So regular enemies are dull as hell, but they often have nasty tricks that make them even more of a bother, and they’re also hardy enough that you can’t quite mash through them. You’ll want to hit their weaknesses to speed things along, provided you can find out and remember their weaknesses. There’s an item you can buy that will reveal an enemies stats and vulnerabilities, and one character has a skill that does it, too. Once scanned, they stay that way permanently, and you can check anytime you’re fighting them. I’d like to say this feature helped me, but I was extremely stupid and didn’t follow the simple on-screen instructions that explain how to view the stats (hey, they’re tiny!). I didn’t realize this was possible until I was 30 hours in. I only blame myself for that one. >_<

“Look how small they are!”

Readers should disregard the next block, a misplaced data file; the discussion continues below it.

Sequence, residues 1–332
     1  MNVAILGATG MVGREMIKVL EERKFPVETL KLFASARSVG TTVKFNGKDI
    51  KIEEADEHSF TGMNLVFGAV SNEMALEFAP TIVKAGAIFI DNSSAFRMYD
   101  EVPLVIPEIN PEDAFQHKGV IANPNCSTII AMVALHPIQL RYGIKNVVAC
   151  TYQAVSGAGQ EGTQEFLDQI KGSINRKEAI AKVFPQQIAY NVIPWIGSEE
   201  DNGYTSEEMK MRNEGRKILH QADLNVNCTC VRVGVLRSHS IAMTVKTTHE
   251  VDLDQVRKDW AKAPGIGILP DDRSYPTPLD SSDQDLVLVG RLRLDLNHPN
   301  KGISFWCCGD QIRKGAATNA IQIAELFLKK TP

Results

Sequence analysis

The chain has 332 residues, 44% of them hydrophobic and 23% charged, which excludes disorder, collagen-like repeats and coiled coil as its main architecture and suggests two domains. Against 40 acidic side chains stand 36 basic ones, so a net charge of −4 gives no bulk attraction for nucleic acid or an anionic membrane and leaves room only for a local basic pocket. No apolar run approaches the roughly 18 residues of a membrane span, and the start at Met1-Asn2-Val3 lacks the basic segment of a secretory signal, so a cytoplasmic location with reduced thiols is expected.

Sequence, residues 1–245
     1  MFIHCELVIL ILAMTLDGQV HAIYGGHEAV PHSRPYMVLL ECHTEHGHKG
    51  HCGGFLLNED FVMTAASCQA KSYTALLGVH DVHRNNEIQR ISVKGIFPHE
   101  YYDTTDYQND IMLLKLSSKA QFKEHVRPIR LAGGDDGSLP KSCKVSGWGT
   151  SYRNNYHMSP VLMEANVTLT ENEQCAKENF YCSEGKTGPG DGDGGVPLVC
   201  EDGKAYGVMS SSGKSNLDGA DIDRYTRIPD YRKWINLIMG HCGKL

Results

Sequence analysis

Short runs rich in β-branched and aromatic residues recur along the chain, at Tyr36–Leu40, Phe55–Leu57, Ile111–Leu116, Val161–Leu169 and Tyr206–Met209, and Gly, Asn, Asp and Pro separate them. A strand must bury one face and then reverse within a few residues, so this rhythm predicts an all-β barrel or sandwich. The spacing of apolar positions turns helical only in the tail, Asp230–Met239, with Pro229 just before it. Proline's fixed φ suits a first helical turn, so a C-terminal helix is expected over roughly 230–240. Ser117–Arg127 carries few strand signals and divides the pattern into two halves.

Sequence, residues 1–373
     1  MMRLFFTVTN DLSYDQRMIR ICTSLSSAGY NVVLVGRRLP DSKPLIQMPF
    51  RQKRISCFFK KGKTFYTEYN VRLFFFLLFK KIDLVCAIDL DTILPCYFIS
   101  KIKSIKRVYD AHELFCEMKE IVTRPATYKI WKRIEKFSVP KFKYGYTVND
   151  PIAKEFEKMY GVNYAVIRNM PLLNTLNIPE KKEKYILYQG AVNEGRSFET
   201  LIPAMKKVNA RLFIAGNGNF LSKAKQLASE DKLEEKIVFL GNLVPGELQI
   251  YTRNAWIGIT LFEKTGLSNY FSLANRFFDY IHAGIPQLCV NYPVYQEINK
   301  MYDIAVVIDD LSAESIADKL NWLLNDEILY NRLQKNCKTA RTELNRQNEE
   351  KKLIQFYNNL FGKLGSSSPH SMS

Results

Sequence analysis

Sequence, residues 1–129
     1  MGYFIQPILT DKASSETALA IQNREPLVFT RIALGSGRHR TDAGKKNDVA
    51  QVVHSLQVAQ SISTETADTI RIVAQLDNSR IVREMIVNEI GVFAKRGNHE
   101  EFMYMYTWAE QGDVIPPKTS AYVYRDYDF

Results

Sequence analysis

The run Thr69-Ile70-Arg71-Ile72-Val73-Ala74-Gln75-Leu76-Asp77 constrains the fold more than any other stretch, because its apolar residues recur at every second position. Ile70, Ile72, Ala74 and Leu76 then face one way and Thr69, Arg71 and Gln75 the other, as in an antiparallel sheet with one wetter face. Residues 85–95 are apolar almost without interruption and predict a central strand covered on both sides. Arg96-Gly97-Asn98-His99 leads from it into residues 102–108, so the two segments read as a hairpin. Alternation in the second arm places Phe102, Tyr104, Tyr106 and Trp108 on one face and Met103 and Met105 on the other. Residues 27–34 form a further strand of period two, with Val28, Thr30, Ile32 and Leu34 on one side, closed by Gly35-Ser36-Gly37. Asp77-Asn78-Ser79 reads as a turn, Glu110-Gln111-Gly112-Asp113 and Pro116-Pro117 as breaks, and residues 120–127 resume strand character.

Still, there’s something to be said about the system of elements in this game. Basically, I can’t make heads or tails of it. The elements mostly adhere to some basic logic. Fire beats ice, holy beats undead, etc., but beyond the extremely obvious stuff, you have to test or scan to actually be sure. The game will pop up a “Weakness!” when you nail it, but there’s no definite way to tell what it will be sometimes. You may scan something only to discover it has NO weaknesses, even if it seems elementally aligned. I feel like it could be more deliberate and intuitive. Some basic rules and color indicators would help immensely. I mean, it only takes one turn to scan, but is that really an excuse?